There are students and faculty who had great experiences with DPPS, just as there are others who suffered abuses. What will it take for us to resist the restrictions of "either/or" thinking and welcome the healing of "both/and"? One truth does not negate the other. When harm is being communicated, at any level and in any way within our schools, we have a legal responsibility to investigate. The onus is not on victims to subject themselves to additional injury for the sake of satisfying public curiosity. It is on us, the citizens of communities where these institutions exist, or are being installed, to ask questions about, and to push against the trends of racial injustice that are being communicated. That said, if we find ourselves hyper-critical of the Black and Brown people sharing truths under the cover of an anonymous collective (just as several other grassroots activists have chosen to do), yet we are, at the same time, confident in narratives offered by white people and the institutions they control (alongside their access to money, press, powerful partnerships, and racial privileges that Black and Brown activists are not privy to), let us also name and accept this truth as evidence of our affinity to the culture of white supremacy. In that vein, let us then own the limitations of our perspectives and honor that we are not yet equipped to interpret or solve this situation equitably. Let us demonstrate justice by inviting racial equity practitioners, Black and Brown culturally and community-responsive education experts, and families from our communities to speak and lead in these matters. Let them have the final say.
All in all, Black and Brown people are simply demanding that we — individuals and institutions — be and do better. That's all. The Movement for Black Lives exploded into a global effort this year, and in turn, demands for racial justice are happening everywhere. The activism of BNB@DP is not unique, but a microcosm of a larger reality. The people of Vermont's communities have an opportunity to consider its core values and who they want to be on the other side of history. If anonymity leaves too many unanswered questions for decision makers to move forward concretely, or to dissolve the bill of sale to Seth Andrew, let it also inspire a full independent investigation into the accusations/allegations against him, Democracy Prep and the current Democracy Builders organization. Seth communicated in his essay on medium.com a realization that he has more work to do. He made commitments to anti-racism. Allowing an independent investigation into these allegations is a way for Seth to demonstrate good-faith effort on his commitments. On the other end, an investigation is also an opportunity for him to prove that these accusations are fallacious. My recommendation to the Marlboro and Emerson communities, as well as to T. J. Donovan, the Attorney General of Vermont, is to call for the halt of the sale until an independent investigation is conducted to determine the severity and consequence of the crimes communicated by former and current students and staff. Some of the challenges submitted include financial mismanagement, illegal transcript and score handling, racial discrimination and HR breeches, policing of Black and Brown bodies, and sexual misconduct with minors.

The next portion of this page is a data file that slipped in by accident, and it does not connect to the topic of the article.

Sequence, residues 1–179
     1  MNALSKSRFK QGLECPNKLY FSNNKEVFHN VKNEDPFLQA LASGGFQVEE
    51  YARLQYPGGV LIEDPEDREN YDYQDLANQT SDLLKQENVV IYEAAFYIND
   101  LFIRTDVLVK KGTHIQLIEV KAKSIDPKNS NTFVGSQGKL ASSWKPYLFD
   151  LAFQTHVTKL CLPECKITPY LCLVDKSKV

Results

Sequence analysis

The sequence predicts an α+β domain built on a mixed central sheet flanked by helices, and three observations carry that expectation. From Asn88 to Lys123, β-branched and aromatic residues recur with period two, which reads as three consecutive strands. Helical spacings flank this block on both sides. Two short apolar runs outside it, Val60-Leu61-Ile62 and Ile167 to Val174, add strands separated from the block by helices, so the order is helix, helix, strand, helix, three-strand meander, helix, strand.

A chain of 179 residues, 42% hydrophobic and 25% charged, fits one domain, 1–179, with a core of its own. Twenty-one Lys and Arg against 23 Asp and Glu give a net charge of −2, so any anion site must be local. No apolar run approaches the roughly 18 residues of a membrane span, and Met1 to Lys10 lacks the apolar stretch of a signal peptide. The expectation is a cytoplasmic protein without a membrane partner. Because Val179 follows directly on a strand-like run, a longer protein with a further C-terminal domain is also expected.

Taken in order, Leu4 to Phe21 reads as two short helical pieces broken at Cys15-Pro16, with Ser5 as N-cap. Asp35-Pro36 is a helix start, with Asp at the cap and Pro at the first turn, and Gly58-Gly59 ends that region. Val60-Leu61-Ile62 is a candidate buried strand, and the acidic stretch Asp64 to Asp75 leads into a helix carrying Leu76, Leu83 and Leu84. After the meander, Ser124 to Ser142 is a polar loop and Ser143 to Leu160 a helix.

Let us not allow anymore extraneous minutia to distract us from the larger opportunity in front of us. Let us be diligent in pursuing racial equity and accountability in schooling for all young people and educators in our communities.
J LeShae writes from Dallas, Texas.